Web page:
Matthew Sheaff, spokesman for the Massachusetts Department of Housing and Community Development, which oversees HomeBASE, said the program has become too expensive for taxpayers and the state, which spent more than $45 million putting hundreds of families in hotels across the state last year.

Sheaff said the number of families living in western Massachusetts hotels has dropped 20 percent since last summer.

While living in one or two rooms has put a strain on families in Greenfield and across the state, it has also done the same to hotels.

The hotels

Rahul Brahmbhatt , front desk manager at the Days Inn, said the program has worked well, but the hotel has had a few minor problems.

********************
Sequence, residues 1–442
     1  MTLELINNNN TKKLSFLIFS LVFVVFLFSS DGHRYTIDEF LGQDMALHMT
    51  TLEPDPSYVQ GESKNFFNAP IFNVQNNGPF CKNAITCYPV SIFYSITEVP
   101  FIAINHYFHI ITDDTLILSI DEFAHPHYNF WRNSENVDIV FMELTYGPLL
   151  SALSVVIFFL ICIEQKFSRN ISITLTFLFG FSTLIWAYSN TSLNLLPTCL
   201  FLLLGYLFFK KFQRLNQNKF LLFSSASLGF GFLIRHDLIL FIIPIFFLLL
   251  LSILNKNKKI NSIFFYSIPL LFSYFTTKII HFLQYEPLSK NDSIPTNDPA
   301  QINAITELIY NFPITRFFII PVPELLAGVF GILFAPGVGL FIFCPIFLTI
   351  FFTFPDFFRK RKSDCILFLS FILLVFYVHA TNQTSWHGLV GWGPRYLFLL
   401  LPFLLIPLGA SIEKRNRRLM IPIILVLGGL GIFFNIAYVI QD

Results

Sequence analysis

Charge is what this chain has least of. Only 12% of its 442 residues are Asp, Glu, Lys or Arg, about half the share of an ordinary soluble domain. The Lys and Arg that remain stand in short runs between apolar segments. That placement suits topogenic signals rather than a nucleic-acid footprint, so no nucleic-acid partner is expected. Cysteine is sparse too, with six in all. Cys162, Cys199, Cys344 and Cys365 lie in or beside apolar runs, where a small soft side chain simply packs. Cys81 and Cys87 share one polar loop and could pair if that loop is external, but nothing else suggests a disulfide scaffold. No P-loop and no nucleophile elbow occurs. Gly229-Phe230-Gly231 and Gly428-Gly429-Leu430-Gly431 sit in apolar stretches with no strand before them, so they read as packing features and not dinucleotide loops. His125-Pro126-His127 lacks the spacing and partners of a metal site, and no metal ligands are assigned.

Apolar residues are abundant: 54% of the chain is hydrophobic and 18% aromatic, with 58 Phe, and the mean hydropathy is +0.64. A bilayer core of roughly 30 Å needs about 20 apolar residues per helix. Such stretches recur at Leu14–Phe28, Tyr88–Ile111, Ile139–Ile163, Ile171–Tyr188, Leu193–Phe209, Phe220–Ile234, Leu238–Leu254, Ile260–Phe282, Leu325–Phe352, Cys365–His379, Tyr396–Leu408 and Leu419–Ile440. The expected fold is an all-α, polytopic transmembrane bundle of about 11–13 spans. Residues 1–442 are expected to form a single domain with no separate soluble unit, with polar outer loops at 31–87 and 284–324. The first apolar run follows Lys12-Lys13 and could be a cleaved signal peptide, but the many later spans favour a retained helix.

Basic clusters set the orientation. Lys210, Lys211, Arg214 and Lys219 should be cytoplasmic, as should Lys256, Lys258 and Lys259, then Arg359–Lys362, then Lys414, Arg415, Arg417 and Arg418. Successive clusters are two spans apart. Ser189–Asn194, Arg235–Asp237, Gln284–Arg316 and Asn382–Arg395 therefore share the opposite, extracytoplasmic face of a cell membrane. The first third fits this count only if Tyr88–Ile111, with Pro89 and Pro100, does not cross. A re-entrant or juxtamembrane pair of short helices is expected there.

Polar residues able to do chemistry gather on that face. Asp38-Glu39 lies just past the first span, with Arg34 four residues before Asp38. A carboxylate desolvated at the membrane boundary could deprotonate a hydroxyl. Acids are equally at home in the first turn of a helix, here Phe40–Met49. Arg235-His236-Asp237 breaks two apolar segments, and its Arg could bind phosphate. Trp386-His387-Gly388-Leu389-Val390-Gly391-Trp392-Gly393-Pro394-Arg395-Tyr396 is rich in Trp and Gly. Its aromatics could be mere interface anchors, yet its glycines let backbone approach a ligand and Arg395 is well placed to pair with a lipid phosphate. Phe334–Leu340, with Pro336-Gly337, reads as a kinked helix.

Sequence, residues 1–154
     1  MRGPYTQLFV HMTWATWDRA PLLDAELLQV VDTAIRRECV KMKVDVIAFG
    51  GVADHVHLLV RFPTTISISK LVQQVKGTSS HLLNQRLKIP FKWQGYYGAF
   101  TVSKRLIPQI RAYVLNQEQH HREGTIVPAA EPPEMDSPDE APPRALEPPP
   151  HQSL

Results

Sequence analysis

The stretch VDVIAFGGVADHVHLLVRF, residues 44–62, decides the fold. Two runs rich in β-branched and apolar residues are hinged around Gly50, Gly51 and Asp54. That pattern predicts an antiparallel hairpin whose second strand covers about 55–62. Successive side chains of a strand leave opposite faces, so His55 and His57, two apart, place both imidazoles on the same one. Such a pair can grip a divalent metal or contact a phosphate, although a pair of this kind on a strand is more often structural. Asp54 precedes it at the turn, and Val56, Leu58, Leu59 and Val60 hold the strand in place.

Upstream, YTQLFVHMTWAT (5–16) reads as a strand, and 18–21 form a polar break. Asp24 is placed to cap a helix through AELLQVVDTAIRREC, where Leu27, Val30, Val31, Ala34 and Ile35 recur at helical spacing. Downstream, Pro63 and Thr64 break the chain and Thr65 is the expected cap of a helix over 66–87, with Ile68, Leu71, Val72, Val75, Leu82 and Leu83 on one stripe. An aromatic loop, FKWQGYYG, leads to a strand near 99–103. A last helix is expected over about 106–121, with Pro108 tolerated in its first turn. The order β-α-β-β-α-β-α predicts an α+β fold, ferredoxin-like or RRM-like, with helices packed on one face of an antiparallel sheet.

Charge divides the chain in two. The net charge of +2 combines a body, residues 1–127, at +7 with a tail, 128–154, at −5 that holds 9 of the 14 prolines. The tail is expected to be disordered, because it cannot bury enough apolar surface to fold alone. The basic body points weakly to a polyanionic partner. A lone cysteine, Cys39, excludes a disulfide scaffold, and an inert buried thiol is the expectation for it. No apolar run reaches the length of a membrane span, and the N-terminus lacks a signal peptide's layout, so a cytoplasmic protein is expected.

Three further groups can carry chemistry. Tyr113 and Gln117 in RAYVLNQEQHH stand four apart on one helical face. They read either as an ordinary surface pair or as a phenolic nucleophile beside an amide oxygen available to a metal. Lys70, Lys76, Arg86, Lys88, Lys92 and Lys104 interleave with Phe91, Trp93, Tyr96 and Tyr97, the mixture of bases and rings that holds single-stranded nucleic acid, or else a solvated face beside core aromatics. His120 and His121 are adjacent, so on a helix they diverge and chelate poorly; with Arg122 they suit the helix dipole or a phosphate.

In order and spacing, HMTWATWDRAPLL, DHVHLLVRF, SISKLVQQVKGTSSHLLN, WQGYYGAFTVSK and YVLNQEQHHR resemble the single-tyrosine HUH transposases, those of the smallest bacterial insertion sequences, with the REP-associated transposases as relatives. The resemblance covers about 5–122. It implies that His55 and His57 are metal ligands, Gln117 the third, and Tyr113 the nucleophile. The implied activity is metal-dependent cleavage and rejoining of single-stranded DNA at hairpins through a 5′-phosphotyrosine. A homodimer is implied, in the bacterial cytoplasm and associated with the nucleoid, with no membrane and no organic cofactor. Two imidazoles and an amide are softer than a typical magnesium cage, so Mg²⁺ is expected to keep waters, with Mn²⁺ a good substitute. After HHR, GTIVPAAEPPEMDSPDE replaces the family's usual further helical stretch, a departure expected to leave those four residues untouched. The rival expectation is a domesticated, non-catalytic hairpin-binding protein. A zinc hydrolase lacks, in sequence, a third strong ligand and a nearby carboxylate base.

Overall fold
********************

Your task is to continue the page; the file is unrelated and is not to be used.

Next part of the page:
“Some people follow the rules and some don’t,” said Brahmbhatt. “But that’s true with other guests, too. There are always people who are respectful and people who aren’t.”

Brahmbhatt said the Days Inn has contracted with the state to take in homeless families.

The state pays $3,000 a month for a family to stay in a hotel or motel. That’s a little less than it costs to keep a family in one of the state-run shelters for a month, said Sheaff.

Brahmbhatt said Days Inn has strict rules that the homeless families must adhere to and the state backs the hotel up.

“The state has told us it will come in and remove a family if they don’t follow the rules,” said Brahmbhatt, who said that hasn’t happened at Days Inn.

He said families have a curfew. They can move around in the hallways from 8 a.m. to 8 p.m., but must be quiet and in for the night the other 12 hours.